is an e-mail I received following last week’s column when I suggested
compromise as a way out of the current stand-off between the Prime
Minister and the President.
the hell don’t you go back where you came from? Pity you weren’t there
during the earthquake! Can’t believe ONLY 13,000 died!” (The person
revealed their identity but I am withholding it).
they didn’t like the fact that I said the President has once before put
country before self and should once again do the right thing; that the
Opposition leader must follow his first instinct and be a gentleman in the
face of his defeat; or that the Prime Minister was polite in his personal
dealings with the President for weeks after his Excellency’s refusal to
appoint seven Government Senators.
PM’s address in Parliament was thunderous, but for God’s sake, what do
you expect from a Prime Minister who, a month and a half after leading his
party to victory, was being treated like little more than a puppet by the
President, and unconstitutionally at that?
was an e-mail I would normally delete, empty trash and forget. It is my
belief that when people are vindictive, racist and angry with other people
it’s always because they are unhappy with themselves. Too insecure, too
frightened of other people to convert their ignorance into understanding.
as the days wore on, it came back to niggle at me for several reasons. A
little of it had to do with the fact that it was hurtful, when you have
lived in, worked in, had children, delight in, participate in, are
continually absorbed by the country you have come to love and consider
home, to be told to ‘go back’.
course, my roots are Indian. I was born there and I would be lying and
without character if I didn’t have strong patriotic feelings for my
it doesn’t preclude my love and patriotism for my adopted country. My
husband of Indian decent is so patriotic he has a map of Trinidad and
Tobago tattooed on his body. He felt so alien during his sojourn in India,
not understanding the language, finding the food too spicy, the culture
unfamiliar, that he wanted to come home to T&T within 24 hours.
heard similar stories by Trinis of African descent who couldn’t wait to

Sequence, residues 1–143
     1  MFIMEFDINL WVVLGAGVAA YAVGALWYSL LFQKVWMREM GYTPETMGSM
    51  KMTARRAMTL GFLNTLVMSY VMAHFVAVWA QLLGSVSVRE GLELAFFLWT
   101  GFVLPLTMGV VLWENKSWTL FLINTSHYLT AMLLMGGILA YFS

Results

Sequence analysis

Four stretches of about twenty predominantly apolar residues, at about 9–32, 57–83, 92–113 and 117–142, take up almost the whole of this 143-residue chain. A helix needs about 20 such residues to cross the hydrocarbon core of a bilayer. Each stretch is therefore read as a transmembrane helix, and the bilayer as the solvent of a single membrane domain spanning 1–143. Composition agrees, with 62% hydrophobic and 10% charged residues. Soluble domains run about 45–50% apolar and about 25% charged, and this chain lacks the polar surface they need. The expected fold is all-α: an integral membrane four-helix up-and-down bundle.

come home to their doubles and dumplings, their picong and pan, which has
nothing to do with Africa.
children were born here. To deny my citizenship and allegiance to this
country would be to cut myself off from my own flesh and blood.
again, we’ve all come to this new world from somewhere, in the last few
hundred years - Asia, Africa, the Middle East, Europe. Having a sense of
history, of where we came from, gives us our sense of self. It is
essential to allow our still tender shoots to take root, to interbreed if
we want, to create a multi-continental landscape in our little backyard.
statement niggled not so much because of the personal insult to me
(writing is like cooking, if you can’t take the heat get out of the
kitchen), but because of what it said about the state of our country:
Among us, there are people like my poison-pen writer who are prepared to
hate someone, wish them dead because of a difference of opinion and
because of their race.
many countries in the new world, we are an interwoven people. Like it or
not, whatever fabric we have created for ourselves, descendants of
masters, adventurers, slaves, indentured labourers, we have knitted
jointly - plain and purl, calypso and chutney, doubles and dumplings,
cricket and picong, Indian and African, China and Europe, Middle East and
Philippines. If one thread sees itself as the dominant culture and wants
the others out the entire thing will unravel into an ugly knot. To cut
threads off would be like cutting off our own hands and necks and feet.
hurt me, because how could anyone be glad that 11,000 (as I write 100,000)
are feared dead in an earthquake in India, that 200,000 more are trapped,
that 500,000 are homeless, that children and mothers and grandmothers and
sons and husbands and friends and parents are separated, frightened,
suffocating slowly to death; that people are burning their dead in
alleyways, that unclaimed bodies are being claimed by animals.
commonality of the human spirit runs deep. The crackling of air between
peoples - that invisible pulsating life-vein of laughter and music, of
celebration, of shared grief and love and discovery, remains. Even when it
goes, the collective memory of that remains and our children carry it on.
our knitted world - despite the politics, despite the men who will
cheerfully sacrifice us all to maintain personal power. Skip the hate,
purl, skip the politics, plain, and so we keep on knitting the landscape
of our new world, we will not unravel, despite them.